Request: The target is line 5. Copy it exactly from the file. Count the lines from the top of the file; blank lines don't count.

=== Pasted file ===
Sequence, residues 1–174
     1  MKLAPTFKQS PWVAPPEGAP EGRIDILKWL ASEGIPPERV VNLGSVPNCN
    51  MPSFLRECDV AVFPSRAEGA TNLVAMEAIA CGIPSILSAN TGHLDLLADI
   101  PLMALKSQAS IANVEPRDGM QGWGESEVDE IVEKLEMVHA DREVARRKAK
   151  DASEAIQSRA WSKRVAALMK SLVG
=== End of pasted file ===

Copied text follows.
   151  DASEAIQSRA WSKRVAALMK SLVG